Receiving a cancer diagnosis is a life-changing event. In addition to dealing with the diagnosis, prognosis and prospect of on-going treatment, people can often find it very hard to talk to others about their condition, not least because other people may feel awkward or uncomfortable talking about such a sensitive issue perhaps because they aren’t sure of the ‘right’ thing to say or are scared of saying the ‘wrong’ thing.
According to Cancer Research UK, 1 in 2 people born after 1960 in the UK will be diagnosed with some form of cancer during their lifetime and the likelihood is that most people will know people who are suffering from cancer. Cancer can occur at any age although the risk of developing cancer increases with age. The most common cancers for men and women in 2013 according to Cancer Research UK were:
|Prostate cancer||Breast cancer|
|Lung cancer||Lung cancer|
|Bowel cancer||Bowel cancer|
|Bladder cancer||Uterus (womb) cancer|
Importantly for employers, cancer is automatically classed as a disability under the remit of the Equality Act 2010. An employee does not have to advise their employer of a diagnosis of cancer, but if this information is shared, it is important to ensure that an employee’s needs are assessed.
The impact of a diagnosis of cancer on a person’s ability to work will vary widely. Whilst participation in (and recovery from) treatments may mean a certain amount of time off work, not all cancer sufferers take long-term sickness absence. However, because no two cancer diagnoses are the same, employers need to remain flexible when working with employees to decide on issues such as:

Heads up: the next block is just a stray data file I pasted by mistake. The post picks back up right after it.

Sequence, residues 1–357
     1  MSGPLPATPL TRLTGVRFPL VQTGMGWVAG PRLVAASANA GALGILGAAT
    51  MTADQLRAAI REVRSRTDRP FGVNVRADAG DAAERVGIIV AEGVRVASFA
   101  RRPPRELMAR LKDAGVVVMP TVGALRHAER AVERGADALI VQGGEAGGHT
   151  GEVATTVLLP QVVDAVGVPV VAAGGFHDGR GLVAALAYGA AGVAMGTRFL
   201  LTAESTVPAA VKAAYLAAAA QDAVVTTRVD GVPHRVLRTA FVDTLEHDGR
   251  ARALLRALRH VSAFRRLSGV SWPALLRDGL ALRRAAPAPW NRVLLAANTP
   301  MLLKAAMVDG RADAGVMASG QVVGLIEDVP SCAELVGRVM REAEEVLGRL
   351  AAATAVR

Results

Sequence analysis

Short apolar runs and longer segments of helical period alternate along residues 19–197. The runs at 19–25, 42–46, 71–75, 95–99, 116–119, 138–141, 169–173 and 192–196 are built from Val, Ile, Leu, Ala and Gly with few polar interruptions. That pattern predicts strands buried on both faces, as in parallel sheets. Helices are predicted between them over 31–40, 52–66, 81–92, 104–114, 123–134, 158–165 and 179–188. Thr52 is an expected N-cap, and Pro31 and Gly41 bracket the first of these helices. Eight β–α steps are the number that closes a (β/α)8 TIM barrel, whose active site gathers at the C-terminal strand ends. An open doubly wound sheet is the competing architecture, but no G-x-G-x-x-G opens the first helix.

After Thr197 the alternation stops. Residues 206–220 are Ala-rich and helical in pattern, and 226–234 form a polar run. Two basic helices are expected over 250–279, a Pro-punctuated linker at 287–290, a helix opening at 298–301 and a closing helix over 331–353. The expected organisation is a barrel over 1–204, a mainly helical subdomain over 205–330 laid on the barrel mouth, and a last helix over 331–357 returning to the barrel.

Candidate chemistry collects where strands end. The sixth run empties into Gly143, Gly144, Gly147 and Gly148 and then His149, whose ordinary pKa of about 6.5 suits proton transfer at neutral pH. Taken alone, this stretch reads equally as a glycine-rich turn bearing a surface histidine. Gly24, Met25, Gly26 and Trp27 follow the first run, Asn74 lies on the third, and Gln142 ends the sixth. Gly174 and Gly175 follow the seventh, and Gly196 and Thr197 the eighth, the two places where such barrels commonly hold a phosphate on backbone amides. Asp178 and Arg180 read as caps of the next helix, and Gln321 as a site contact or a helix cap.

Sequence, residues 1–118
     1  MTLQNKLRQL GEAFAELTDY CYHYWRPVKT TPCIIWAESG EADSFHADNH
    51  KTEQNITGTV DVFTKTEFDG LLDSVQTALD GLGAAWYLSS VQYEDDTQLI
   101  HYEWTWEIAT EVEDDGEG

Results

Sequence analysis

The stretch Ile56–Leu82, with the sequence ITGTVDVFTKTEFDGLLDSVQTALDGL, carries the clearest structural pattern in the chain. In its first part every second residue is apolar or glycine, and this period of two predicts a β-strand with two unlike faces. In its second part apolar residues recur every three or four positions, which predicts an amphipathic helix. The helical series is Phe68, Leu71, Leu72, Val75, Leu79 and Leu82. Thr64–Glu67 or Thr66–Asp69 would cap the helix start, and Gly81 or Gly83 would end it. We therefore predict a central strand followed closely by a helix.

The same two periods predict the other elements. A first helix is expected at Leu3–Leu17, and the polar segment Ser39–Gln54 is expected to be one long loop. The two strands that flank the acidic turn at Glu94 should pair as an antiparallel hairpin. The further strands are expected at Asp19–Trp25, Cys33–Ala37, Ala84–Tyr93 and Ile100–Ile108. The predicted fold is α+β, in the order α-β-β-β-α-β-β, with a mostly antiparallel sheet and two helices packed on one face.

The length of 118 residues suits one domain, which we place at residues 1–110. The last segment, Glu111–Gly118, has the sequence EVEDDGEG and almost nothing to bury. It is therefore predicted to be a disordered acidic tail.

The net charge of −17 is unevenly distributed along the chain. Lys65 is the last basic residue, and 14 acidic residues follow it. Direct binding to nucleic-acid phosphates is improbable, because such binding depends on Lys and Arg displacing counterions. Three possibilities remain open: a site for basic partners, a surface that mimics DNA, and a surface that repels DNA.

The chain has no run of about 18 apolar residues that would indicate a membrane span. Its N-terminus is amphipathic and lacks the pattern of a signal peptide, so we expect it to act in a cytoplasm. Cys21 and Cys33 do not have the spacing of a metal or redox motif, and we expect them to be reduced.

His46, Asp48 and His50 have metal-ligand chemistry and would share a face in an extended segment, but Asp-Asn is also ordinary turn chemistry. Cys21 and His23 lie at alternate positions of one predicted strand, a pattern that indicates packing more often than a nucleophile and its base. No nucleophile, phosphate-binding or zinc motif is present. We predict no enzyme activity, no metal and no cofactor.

- what they are and are not capable of doing;
- how their treatment is likely to affect their ability to work (how long they may need to be off work, etc.);
- whether time off is needed to attend appointments or treatment;
- what adjustments should be made to their work in order to allow them to continue working (in so far as this is possible);
- whether they need to be restricted from specific working environments (e.g. exposure to infection sources during chemotherapy);
- discussion of any external support services that could be of help;
- what on-going support employees feel they may need.
If you have been diagnosed with cancer and want to find out more about continuing to work, or if you are an employer managing an employee who has cancer, you can call the free Fit for Work Advice Line (0800 032 6235) for guidance. Or for guidance on work-related health topics, view the resources on the website.